Hong Kong ‘Flying Tigers’ seize HK$5 million in cash, valuables in predawn raid on village hut
Police source says three arrested men are illegal immigrants from mainland
Police officers from Hong Kong’s elite special unit known as the Flying Tigers were deployed to storm a village hut and arrest a gang of suspected burglars from the mainland in a predawn operation in Pat Heung on Thursday.
About HK$5 million in cash, jewellery, watches and valuables suspected to have been stolen in a series of holiday season burglaries was recovered in their rental hut at Tai Kong Po Tsuen that was allegedly used as their hideout, police said.
Sources told the Post that police were still hunting for the mastermind of the gang who hired illegal immigrants from the mainland to raid luxury homes and shops in the city over the past two months.
According to a police source, the eight cases included the break-in at the home of prominent senior counsel Teresa Cheng Yeuk-wah in Tuen Mun. Cheng, 58, is head of the International Arbitration Centre and a recipient of the Gold Bauhinia Star, the city’s top civic honour. She was hosting a Christmas Day party when thieves entered her home and fled with HK$3 million in cash and valuables.
He said the latest case happened on Tuesday, when more than HK$5 million in cash and valuables was stolen from a luxury house in Lok Ma Chau.
“Initial investigations showed the gang to be tied to at least eight burglary cases in the New Territories South, the New Territories North and Kowloon West regions, that involved about HK$10 million in stolen property,” Superintendent Li Kwai-wah of the New Territories North regional crime unit said.
The three men aged 33 to 36 are illegal immigrants from the mainland. Two of them came from Guangxi province and the third man from Shanwei in Guangdong province.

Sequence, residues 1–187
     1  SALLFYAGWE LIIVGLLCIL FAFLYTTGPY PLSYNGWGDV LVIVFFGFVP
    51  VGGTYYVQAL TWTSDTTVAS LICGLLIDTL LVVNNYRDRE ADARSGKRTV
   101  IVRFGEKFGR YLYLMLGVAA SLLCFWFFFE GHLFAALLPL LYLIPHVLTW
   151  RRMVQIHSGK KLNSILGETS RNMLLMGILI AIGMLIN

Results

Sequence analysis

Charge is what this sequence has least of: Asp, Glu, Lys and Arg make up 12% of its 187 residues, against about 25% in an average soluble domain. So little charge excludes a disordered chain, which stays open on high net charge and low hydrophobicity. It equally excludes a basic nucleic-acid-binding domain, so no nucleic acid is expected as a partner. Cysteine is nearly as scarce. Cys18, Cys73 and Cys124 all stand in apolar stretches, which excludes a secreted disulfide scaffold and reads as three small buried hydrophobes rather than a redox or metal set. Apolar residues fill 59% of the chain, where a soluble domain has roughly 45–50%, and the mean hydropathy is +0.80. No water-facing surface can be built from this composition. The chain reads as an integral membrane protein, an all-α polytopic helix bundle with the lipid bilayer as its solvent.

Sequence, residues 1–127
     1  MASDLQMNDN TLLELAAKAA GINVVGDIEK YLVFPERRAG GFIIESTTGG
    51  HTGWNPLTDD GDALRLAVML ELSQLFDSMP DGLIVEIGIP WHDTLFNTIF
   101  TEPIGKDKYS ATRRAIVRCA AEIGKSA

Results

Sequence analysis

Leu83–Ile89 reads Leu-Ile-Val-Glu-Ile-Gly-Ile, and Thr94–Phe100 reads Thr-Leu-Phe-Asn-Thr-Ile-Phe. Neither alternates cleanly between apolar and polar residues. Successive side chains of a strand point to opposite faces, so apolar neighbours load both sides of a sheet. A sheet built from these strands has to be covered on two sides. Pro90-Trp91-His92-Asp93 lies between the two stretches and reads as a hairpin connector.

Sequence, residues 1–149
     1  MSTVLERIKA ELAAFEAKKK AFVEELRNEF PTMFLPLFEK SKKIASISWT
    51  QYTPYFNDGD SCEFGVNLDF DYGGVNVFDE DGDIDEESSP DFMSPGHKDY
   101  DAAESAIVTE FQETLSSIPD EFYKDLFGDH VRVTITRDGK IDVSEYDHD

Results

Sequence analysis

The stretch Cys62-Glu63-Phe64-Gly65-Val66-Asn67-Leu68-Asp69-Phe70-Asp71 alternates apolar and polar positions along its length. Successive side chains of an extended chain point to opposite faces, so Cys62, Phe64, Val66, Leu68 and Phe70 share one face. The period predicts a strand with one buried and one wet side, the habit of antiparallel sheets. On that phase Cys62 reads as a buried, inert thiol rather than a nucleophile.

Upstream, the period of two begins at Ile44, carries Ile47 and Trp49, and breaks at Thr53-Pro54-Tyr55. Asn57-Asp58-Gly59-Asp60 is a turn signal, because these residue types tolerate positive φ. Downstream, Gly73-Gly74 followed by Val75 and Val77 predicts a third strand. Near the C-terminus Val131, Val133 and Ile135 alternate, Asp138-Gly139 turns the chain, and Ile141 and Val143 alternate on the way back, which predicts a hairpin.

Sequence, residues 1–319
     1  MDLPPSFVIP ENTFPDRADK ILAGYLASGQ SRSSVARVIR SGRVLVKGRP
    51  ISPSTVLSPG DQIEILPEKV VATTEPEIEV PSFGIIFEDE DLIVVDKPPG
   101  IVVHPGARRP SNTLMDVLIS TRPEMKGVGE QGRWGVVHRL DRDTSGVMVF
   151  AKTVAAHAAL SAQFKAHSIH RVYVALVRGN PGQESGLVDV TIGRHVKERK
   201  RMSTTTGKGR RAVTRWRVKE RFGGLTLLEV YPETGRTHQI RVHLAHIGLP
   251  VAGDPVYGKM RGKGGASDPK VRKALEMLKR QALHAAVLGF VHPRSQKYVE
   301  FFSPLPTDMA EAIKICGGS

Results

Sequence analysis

Describing them as a sophisticated and well-organised syndicate, Li said the gang targeted high-end homes in Tai Po, Tuen Mun and Sheung Shui and shops in urban area that sold second-hand luxury handbags.
He said the gang members had two-way permits - mainland travel documents - but they chose to enter Hong Kong through illegal channels. “We believe the move was to cover their crimes committed in Hong Kong,” Li said.
Acting Chief Inspector Wan Kai-ming said the gang members had a clear division of labour, with members assigned for reconnaissance, raiding or as lookouts, adding that they were equipped with powerful binoculars and video recording devices to scout their targets, as well as equipment such as a mini hydraulic cutter for conducting break-ins.
“They also carried a diamond detector that was used at crime scenes to test items whether they are genuine diamond,” he said.
Li said it was possible further arrests would be made.
The gang’s hideout was discovered by police after a two-week investigation into the gang.
The Flying Tigers officers stormed the single-storey hut in Tai Kong Po Tsuen off Kong Tai Road at about 5am on Thursday.
A police source said unit’s deployment was necessary because intelligence indicated the gang was armed. Inside the hut, officers seized two canisters of pepper spray and knives.
A nearby house, owned by an elderly man surnamed Lee, was also raided by police during the operation.
“Flying Tigers officers kicked open the front door,” he told local media. “I was pointed at with a gun.”
Lee, who owns the hut, said the hut had been rented by a Cantonese-speaking man about three months ago.
Last night, the three suspects were being held for questioning and had not been charged.
Household burglaries involving more than HK$500,000 in losses jumped 50 per cent year on year during the first 10 months of last year.
The increase prompted local police to call for closer cooperation with their mainland counterparts to crack down on cross-border criminals.
The rise came despite an overall 7.2 per cent decline in the number of break-ins across the city over the same period. But the total amount of losses rose from HK$94.6 million to HK$139.9 million.